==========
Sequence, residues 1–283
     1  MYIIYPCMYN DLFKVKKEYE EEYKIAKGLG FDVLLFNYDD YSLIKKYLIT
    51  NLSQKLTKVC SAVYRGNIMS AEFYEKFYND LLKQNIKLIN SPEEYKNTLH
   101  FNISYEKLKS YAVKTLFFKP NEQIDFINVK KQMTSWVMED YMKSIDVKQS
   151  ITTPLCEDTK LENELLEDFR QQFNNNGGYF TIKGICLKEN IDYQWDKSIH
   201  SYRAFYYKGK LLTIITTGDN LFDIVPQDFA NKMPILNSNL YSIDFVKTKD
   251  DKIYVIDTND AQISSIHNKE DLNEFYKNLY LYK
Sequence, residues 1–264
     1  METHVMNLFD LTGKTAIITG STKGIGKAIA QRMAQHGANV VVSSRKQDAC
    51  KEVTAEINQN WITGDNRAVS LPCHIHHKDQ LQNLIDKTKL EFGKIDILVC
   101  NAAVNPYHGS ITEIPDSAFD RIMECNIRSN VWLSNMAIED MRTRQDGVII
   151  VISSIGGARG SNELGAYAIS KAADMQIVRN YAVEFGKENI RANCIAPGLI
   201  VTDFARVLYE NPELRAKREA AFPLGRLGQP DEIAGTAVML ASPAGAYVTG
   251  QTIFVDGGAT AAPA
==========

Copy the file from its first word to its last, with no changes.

Sequence, residues 1–283
     1  MYIIYPCMYN DLFKVKKEYE EEYKIAKGLG FDVLLFNYDD YSLIKKYLIT
    51  NLSQKLTKVC SAVYRGNIMS AEFYEKFYND LLKQNIKLIN SPEEYKNTLH
   101  FNISYEKLKS YAVKTLFFKP NEQIDFINVK KQMTSWVMED YMKSIDVKQS
   151  ITTPLCEDTK LENELLEDFR QQFNNNGGYF TIKGICLKEN IDYQWDKSIH
   201  SYRAFYYKGK LLTIITTGDN LFDIVPQDFA NKMPILNSNL YSIDFVKTKD
   251  DKIYVIDTND AQISSIHNKE DLNEFYKNLY LYK
Sequence, residues 1–264
     1  METHVMNLFD LTGKTAIITG STKGIGKAIA QRMAQHGANV VVSSRKQDAC
    51  KEVTAEINQN WITGDNRAVS LPCHIHHKDQ LQNLIDKTKL EFGKIDILVC
   101  NAAVNPYHGS ITEIPDSAFD RIMECNIRSN VWLSNMAIED MRTRQDGVII
   151  VISSIGGARG SNELGAYAIS KAADMQIVRN YAVEFGKENI RANCIAPGLI
   201  VTDFARVLYE NPELRAKREA AFPLGRLGQP DEIAGTAVML ASPAGAYVTG
   251  QTIFVDGGAT AAPA